During the month of August, I’ll be periodically reprising some popular posts from the last year. This post was first published in February, 2018. You can read the original post and comments here.
A few weeks ago, I was chatting with a male friend about another mutual friend’s recommendation for certain cosmetic procedures. This led to a more general discussion about aging, and to what degree we are willing to embrace an aging appearance or fight it. That feeling of looking into a mirror one day and suddenly not recognizing oneself? It turns out he’d experienced that too.
It happened to me for the first time right around when I turned 50. I don’t think I’d “let myself go,” but having been so busy with work and raising a special needs child, I hadn’t really been that focused on skincare beyond SPF or the physical changes that started with menopause. One day the face I saw in the mirror didn’t feel like my own. Duchesse at Passage des Perles recently linked to an interview with Jane Birkin, where she says “it’s gone…my beauty.” And then goes on…
It’s like you wake up one day and suddenly the outside doesn’t correspond to the inside anymore. I’ve adjusted my thinking a bit since then. The essential thing, I now think, is a good sense of humor.
My own shock of non-recognition wasn’t as much about “losing my beauty.” I’ve never been conventionally pretty (body too stout, hair too thin, features too plain etc.) so “beauty” hasn’t been a currency I’ve been able to trade on for much of my life. But yes, that outside-doesn’t-correspond-to-the-inside feeling…that I could relate to! (As well as the value of a sense of humor, something I’ve tried to cultivate and maintain throughout my adult life.)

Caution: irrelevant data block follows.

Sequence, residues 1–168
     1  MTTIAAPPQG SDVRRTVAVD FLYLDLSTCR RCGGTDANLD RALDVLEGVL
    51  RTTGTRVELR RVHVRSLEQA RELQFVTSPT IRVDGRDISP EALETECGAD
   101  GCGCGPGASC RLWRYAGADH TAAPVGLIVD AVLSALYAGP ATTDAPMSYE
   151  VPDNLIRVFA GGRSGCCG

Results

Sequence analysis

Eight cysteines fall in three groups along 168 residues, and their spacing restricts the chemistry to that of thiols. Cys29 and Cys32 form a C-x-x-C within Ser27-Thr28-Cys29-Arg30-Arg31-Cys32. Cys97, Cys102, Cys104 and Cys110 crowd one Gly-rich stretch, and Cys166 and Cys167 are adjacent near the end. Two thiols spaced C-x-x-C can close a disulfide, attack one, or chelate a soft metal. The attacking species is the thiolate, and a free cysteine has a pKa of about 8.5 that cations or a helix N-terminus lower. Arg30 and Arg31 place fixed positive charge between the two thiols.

Yes, we live in a culture where ageism is still rampant. It’s not surprising that we resist recognizing ourselves as older. It occurs to me that the motivation behind the various steps that many women (and increasingly, men) take to maintain a “youthful” appearance isn’t just about vanity, but about trying to align their physical selves and their identity. Our identities don’t necessarily keep up with our chronological age. It takes work to “adjust our thinking.”
Style And Identity
Style is one way to express ourselves regardless of age. Exploring style is one of the ways I’ve been trying to understand my (hopefully) evolving identity. Thinking about what I want to convey with style has helped me to understand how I see myself and what I value now, at
a few weeks shy of 61. If I were to make a list, it might look something like this:
- Currency. Openness to new ideas, and staying engaged with the world and what’s going on. I want to look current without being a slave to trends.
- Curiosity. A willingness to try something new.
- A sense of humor. Wit, not clownishness. A quirky piece or two to spice up an outfit (under-represented in my wardrobe now).
- Valuing my own judgement. Trusting what feels right and what doesn’t. Not feeling that I have to live up to anyone else’s expectations.
- Being able to let go of what no longer serves or supports. Letting go of rigid style rules or formulas, or beliefs about what we “should” wear. (I’ve been doing a lot of processing on this lately…will be working on a follow-up post.)
- Confidence. Follows from all of the above.
That’s not a complete picture of my sense of self or values by any means, but those are what I believe I can express through my style. And in ten years, that list may look different.
One doesn’t need to have an unlined face to have great style. In fact, I think the combination of visible age and a well-honed personal style can have a powerful impact.
What aspects of your identity do you try to reflect in your style?
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